Saturday, August 24, 2013

The answer to "Where does your humor come from?"

A friend and fellow writer, LM Preston, recently asked me where my humor comes from. 

Well, I'll tell you, and I hope it helps you see the humor in the world the way that I do, because if there’s one thing the world needs more of, it’s laughter.

Like Gilbert Garfinkle--the hero of Why My Love Life Sucks (The Legend of Gilbert the Fixer, book one), I like to take things apart and fix them. I always have. Unlike Gilbert, though, the things I most like to take apart are stories, particularly funny stories.

I was born into a big family. I was the second child of six, which means I was a middle child in a sea of middle children. Like most middle children, I wanted attention. After all, that’s easy for the eldest and youngest to get attention. Middle children, not so much, particularly when there’s four.

My dad loved jokes, and I did too. So I would collect them. I know it seems odd, but I would watch sitcoms and take notes. I had a little spiral notebook where I’d write down different elements of my favorite shows, like Taxi and M.A.S.H., including the best lines. Once a week, I’d repeat the jokes I had collected to my family and make my dad laugh.

I also used to write funny essays for school. My class and my teachers loved them. I wasn't the class clown; I was the class wit. I was funny on paper, and I still am. 

Brevity, they say, is the soul of wit, and I know that’s true when it comes to my humor. The more I edit something funny, the funnier it gets. Comedy, I believe, is tragedy dancing the quickstep.

I continued to take apart and try to figure out comedy as I grew up, and I even took a couple of courses on the topic in college, where I majored in English Literature and Theater Studies. I was taught that pain plus distance equals comedy, which is the standard theory. I didn't agree with it. I think that sometimes comedy comes from painful things viewed at a distance; but so many funny things have no element of pain in them, and so many things that include pain and distance aren't funny at all. So I continued to work on my own theory.

A few years later, I got a job as an editorial cartoonist, and that's when I developed my own formula for comedy.

It’s summed up with three S’s. They are Setup, Surprise, and Sense.

Setup is pretty much what your humor is about. It could be the news, your life, or the characters and plot of your novel.

Surprise is the most important element of comedy, because without it, the audience just isn't going to laugh. Think of a joke you've already heard. If you hear it again, you won't find it as funny as you did the first time, and that’s because the element of surprise is gone.

And all jokes have to make some sort of Sense, because if they didn't, they'd just be confusing, not funny. Puns, for example, make phonetic sense.  And when it comes to stories, each character has to act in a way that makes sense in some way for that character.

As for pain, I think it's important that a joke not be too painful for the intended audience. That's when you cross the line from being funny to just being mean and hurtful. Of course, what one audience finds painful, another won't. Sometimes it's a matter of tailoring your humor for a particular audience; and other times it's a matter of finding an audience that fits a particular brand of humor.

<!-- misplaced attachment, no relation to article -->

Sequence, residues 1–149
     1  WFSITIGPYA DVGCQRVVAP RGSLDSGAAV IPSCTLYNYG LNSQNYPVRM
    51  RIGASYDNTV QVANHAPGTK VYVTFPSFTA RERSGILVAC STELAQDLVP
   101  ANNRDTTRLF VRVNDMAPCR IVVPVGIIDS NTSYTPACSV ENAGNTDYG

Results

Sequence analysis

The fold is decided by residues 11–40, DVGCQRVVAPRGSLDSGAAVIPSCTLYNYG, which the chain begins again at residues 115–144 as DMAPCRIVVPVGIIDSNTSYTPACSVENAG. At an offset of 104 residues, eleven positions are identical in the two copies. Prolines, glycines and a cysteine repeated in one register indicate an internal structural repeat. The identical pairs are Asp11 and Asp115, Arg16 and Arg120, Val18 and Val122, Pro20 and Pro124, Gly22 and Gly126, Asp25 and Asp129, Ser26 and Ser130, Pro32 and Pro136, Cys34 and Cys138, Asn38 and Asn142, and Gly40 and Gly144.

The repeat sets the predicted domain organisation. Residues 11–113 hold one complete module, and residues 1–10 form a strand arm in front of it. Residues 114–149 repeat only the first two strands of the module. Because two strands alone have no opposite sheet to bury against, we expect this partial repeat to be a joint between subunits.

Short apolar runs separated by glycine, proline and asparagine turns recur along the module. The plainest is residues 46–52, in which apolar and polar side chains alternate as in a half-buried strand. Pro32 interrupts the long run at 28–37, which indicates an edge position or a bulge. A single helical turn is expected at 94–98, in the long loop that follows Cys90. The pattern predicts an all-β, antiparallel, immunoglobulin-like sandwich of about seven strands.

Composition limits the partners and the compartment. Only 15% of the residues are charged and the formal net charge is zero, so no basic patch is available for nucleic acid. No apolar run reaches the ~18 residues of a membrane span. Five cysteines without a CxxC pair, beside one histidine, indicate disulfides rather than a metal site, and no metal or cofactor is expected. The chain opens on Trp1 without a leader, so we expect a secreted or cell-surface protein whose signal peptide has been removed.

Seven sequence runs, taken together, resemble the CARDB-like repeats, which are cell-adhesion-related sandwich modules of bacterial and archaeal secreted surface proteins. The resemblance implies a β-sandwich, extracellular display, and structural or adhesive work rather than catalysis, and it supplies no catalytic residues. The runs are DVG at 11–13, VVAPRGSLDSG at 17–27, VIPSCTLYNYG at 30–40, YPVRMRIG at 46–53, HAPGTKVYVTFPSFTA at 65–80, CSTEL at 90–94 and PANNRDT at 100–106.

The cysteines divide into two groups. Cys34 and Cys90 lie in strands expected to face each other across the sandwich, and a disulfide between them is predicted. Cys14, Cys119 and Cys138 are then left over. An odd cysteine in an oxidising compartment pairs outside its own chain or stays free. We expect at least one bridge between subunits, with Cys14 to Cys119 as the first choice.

Okay, so now you have my formula. The question still remains: where does humor come from? Finding or creating a setup is easy. Finding the sense in it is easy too. But how do you create the surprise--the most important element of comedy?

It’s all about looking at things from a fresh and surprising perspective.

Blow it up under a magnifying glass. Make it big, bigger, biggest. Put it in a surprising context, but in a way that makes sense. If it’s rosy, make it blue. If it’s blue, make it rosy. And take it as far as it will go. I like to say that when it comes to comedy take it all the way, to the edge of that cliff. Then push.

Edit, edit, and edit some more. Can you make that happen faster? Then do. Can you say that more briefly and still make sense? Then do.

I wrote the first draft for NaNoWriMo in under a month...and then I spent the next year editing it. 

Taking a page from Improv, I wrote several versions of many of the scenes so I could choose the funniest one. And any time I saw a chance to make things bigger, I took it. I didn't want Gilbert to be just a regular geek: I wanted him to be the ultimate geek. And I didn't want to give him just any old conflict: I wanted to give him the ultimate geek's ultimate conflict. Gilbert has a compulsive need to take apart, figure out, and fix things, so I had to give him something he would never be able to take apart, figure out, and fix. I had to give him a gorgeous vampire girl who wants to turn him into her platonic BFF, literally forever. How is the ultimate geek supposed to make sense of that?  

If you're thinking, “But that doesn't make sense, and you said comedy has to make sense,” you're right, it doesn't. It defies Gilbert's obsessively logic mind. At least it does at first. There is a logic to that gorgeous vampire girl's seeming insane choice, a logic that takes Gilbert most of the book to figure out.

I’d tell you what it is, but then I'd spoil the surprise, and you know comedy won't work without it. You'll just have to read it to find that out for yourself.    

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